A widow’s first, or deepest mourning, was worn for a year and a day.  Custom dictated every detail of clothing, and types of fabric to be worn, during this and the following period.  For example, the bonnet for first mourning must have a veil hanging at the back, and a shorter veil worn over the face, and cambric handkerchiefs must have black borders.  Second mourning was worn for twelve months, with complex instructions as to the gradual introduction of additional freedoms, such as wearing hats again.  At the end of the second year, mourning could be put off entirely, but it was considered in better taste to wear half mourning for at least six months longer. (4)


A Widow (Une veuve, 1868), by James Tissot.  Oil on canvas, 27 by 19.5 in. (68.5 by 49.5 cm).  (Photo:  Wikimedia.org)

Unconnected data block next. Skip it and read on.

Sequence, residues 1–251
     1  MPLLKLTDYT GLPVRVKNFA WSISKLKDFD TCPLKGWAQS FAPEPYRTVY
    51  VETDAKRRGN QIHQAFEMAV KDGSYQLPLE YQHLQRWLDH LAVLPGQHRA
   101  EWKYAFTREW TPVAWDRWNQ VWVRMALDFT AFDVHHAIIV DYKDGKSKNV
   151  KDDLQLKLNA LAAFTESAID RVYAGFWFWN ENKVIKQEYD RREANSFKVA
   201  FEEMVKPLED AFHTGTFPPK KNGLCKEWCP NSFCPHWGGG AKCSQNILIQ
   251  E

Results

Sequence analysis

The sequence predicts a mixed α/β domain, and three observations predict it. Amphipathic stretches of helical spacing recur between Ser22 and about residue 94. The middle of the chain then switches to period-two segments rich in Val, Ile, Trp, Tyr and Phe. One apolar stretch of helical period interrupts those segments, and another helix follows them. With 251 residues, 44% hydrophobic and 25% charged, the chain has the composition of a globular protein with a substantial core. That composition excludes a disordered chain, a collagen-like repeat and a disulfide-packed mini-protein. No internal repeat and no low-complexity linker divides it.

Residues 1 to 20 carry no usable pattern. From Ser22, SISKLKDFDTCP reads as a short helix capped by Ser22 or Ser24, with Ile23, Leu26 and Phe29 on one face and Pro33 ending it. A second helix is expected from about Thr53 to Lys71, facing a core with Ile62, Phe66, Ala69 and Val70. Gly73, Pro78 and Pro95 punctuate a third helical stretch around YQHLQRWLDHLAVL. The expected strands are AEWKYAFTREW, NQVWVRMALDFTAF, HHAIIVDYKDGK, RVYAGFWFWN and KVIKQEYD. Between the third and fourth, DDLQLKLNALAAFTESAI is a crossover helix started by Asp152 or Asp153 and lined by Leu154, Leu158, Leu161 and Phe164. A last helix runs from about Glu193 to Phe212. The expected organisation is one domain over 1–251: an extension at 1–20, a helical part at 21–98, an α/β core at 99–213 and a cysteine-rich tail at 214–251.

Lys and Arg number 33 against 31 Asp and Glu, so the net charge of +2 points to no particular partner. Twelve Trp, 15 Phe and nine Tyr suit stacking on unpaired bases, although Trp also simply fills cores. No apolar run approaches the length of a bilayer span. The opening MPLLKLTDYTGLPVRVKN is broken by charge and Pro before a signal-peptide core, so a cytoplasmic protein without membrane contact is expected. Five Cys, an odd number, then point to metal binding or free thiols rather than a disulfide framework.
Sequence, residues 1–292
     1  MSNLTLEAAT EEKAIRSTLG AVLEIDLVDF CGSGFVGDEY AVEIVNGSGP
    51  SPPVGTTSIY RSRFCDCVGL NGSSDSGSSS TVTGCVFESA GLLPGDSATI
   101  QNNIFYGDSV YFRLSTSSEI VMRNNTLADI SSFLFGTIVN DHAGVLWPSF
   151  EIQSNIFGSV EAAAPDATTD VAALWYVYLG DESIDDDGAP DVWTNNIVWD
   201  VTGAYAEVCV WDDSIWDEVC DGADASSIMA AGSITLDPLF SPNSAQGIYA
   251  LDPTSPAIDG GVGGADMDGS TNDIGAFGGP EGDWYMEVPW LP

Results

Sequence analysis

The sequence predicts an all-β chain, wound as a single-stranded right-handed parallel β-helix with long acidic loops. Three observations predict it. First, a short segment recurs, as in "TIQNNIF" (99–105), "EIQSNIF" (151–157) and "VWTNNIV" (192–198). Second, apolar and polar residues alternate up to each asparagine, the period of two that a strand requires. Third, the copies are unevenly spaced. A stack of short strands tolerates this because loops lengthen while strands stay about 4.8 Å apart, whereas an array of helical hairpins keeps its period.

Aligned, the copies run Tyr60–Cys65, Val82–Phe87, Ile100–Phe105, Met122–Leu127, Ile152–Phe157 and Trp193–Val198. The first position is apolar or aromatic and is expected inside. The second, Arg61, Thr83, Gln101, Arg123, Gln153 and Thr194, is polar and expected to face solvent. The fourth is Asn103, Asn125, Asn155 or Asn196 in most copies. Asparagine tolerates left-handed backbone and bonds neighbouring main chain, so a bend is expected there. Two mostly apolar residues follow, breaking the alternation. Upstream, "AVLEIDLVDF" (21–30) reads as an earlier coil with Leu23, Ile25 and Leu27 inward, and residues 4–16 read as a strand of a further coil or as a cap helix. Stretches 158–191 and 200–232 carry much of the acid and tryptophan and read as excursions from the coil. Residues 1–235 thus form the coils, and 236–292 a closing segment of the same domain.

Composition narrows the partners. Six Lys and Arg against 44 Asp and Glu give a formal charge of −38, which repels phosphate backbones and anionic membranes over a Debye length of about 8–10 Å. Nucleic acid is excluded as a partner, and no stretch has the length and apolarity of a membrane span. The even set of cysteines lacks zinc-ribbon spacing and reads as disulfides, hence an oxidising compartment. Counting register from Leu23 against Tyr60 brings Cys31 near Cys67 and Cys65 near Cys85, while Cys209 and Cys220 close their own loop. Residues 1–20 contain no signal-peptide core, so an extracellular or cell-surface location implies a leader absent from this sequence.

In 1869, James Tissot exhibited A Widow (Une veuve, 1868) at the Salon in Paris.  The low-cut, square neckline of this stylish young widow’s full-skirted black gown is filled in with a blouse of filmy black silk, trimmed at the round neckline, center front, shoulders and wrists with frothy ruffles in the same fabric.  The set-in sleeves and long and full.  The trained skirt’s high waist is tied with a wide sash and accented with a black rosette.  The pleated flounce at the hem reveals her white, lace-edged petticoat, a black silk stocking, and a squared-toed high heel with its silk bow.  Her brown hair is parted in the center, and braids behind each ear crown her head.  Wearing black lace mitts as she dreamily pursues her sewing – while showing that glimpse of ankle so tantalizing to Victorian men – it is likely she can be induced to leave off her last months of mourning.  The elderly chaperone is in mourning, while the little girl is not.